Happy Effing New Year

Seriously, I hope the new year is good to you, and to me, too. I intend to celebrate by spending some quality time with Sadie Awful Bad Cat.

My prediction for 2014, based on the I Ching, is that for the next few months the nation and world will be stumbling along as it has for the last few months, and we’ll somehow manage. Things shouldn’t get any worse, anyway.

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Issa: We Meant the Other al Qaeda

Andrew Rosenthal of the New York Times fires back at the Right:

Darrell Issa, chairman of the House Oversight Committee, who has made a special crusade out of the attack on the American diplomatic and intelligence compound in Benghazi, was asked on “Meet the Press” to justify Republican claims that Al Qaeda agents planned and executed the operation. (The article found no evidence that Al Qaeda was involved.)

Andrea Mitchell of MSNBC put her finger on the political question when she asked Mr. Issa why Republicans “use the term Al Qaeda.” After all, she said, “you and other members of Congress are sophisticated in this and know that when you say Al Qaeda, people think central Al Qaeda. They don’t think militias that may be inspired by Bin Laden and his other followers.”

“There is a group there involved that is linked to Al Qaeda,” Mr. Issa said. “What we never said — and I didn’t have the security to look behind the door, that’s for other members of Congress — of what the intelligence were on the exact correspondence with Al Qaeda, that sort of information — those sorts of methods I’ve never claimed.”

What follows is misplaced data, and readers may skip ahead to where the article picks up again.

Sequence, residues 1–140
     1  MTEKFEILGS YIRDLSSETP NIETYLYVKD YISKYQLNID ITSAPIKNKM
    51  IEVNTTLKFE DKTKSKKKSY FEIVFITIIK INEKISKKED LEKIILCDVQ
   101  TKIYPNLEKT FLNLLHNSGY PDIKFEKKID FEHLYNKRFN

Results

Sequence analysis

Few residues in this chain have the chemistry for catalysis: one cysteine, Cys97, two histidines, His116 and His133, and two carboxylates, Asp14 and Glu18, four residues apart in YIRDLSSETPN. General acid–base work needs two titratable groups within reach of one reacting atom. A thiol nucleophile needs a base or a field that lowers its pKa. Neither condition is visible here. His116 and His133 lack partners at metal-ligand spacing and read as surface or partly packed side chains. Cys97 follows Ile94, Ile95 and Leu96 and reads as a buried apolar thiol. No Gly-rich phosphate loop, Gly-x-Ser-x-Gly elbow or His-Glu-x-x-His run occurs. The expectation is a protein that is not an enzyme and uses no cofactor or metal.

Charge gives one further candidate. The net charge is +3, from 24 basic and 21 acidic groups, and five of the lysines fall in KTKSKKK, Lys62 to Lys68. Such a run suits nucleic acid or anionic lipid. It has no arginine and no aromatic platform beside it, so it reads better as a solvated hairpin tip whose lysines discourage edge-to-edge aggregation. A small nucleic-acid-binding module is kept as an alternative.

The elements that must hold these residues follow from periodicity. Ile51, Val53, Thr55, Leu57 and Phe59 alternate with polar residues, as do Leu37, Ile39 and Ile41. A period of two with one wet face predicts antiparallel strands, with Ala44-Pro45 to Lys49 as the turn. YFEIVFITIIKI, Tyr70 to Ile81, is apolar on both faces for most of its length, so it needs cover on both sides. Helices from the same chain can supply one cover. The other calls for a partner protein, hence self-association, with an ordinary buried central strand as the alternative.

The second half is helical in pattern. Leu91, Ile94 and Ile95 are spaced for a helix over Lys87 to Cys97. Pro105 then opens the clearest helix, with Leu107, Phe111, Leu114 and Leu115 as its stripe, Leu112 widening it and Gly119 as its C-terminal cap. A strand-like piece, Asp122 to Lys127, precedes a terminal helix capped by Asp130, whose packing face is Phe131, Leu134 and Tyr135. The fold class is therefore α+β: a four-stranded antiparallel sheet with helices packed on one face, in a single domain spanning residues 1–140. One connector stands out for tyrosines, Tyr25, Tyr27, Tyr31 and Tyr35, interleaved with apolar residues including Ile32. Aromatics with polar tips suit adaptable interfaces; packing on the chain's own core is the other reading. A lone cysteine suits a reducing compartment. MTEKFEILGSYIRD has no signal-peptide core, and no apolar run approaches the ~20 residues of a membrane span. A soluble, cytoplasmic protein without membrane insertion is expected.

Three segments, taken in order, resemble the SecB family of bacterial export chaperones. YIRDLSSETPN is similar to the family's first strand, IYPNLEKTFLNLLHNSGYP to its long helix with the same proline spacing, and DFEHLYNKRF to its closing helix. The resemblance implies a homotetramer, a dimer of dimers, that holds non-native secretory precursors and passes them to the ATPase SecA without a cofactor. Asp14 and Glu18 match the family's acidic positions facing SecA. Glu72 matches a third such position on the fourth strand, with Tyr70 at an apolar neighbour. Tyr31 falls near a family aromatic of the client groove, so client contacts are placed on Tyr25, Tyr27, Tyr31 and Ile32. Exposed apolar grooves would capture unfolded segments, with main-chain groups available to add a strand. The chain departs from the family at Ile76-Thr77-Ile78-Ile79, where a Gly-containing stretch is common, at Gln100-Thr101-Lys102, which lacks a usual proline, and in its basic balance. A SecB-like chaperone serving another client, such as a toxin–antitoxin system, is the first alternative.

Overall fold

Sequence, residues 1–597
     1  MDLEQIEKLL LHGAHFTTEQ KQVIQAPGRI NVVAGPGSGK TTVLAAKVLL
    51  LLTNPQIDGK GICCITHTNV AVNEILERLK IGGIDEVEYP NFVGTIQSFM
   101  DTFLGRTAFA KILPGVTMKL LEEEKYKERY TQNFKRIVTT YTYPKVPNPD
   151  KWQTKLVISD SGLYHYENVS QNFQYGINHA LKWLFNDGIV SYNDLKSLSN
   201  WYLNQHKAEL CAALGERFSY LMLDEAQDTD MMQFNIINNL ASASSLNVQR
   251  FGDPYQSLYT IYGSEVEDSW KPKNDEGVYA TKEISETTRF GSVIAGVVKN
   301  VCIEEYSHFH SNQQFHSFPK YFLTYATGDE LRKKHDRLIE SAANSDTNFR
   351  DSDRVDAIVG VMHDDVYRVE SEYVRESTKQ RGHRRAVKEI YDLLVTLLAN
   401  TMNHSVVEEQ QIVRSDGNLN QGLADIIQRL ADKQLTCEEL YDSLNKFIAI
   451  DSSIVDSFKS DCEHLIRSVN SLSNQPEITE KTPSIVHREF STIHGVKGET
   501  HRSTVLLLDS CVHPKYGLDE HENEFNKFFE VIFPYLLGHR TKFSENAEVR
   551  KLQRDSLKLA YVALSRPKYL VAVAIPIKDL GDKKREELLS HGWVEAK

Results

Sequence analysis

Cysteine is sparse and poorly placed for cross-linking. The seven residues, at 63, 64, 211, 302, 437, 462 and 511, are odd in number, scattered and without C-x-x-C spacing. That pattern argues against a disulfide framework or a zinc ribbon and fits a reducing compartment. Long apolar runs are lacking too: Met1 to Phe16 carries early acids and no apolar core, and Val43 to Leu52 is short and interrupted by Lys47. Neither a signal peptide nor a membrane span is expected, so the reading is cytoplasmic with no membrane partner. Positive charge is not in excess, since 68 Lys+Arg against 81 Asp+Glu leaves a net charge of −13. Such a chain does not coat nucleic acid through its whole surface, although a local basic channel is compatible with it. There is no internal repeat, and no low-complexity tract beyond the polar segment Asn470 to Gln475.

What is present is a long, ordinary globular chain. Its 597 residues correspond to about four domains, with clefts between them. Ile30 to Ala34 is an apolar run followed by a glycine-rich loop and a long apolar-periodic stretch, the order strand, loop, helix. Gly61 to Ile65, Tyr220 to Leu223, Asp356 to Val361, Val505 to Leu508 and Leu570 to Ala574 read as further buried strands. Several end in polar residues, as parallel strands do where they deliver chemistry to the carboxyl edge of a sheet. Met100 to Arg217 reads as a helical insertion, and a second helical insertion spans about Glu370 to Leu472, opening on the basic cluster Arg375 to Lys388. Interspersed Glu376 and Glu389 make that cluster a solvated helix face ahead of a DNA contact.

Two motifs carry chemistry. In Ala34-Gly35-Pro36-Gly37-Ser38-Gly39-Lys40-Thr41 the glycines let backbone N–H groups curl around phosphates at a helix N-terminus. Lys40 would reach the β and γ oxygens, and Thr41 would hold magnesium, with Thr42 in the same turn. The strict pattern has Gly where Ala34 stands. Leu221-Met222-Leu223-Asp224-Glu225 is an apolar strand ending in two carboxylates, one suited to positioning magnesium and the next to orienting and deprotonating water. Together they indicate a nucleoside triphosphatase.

I’m still trying to parse that sentence.

Sometimes weasel words do turn around and bite you, don’t they, Rep. Issa? I think, though, that these days the term “al Qaeda” (which just means “the base”) can mean just about anything one wants it to mean. It can mean a particular organization that is currently being run out of Pakistan, or it can refer to a kind of amorphous movement of dissociated anti-Western militias, and many things in between.

This makes weaseling pretty easy. A Republican operative can say “al Qeada,” meaning any Muslim from Turkey to Malaysia with an attitude about the West; and the followers hear “al Qaeda,” meaning the specific organization founded by Osama bin Laden.

(In Rightie World, a lie doesn’t count as a lie if they can argue there’s some literal truth to it, depending on how terms are defined, even if the statement is intentionally deceptive.)

The Weaseling continues:

On Fox News on Sunday, Rep. Mike Rogers of Michigan insisted the story was wrong in finding that “Al Qaeda was not involved in this.”

“There was some level of pre-planning; we know that,” he said. “There was aspiration to conduct an attack by Al Qaeda and their affiliates in Libya; we know that. The individuals on the ground talked about a planned tactical movement on the compound — this is the compound before they went to the annex.”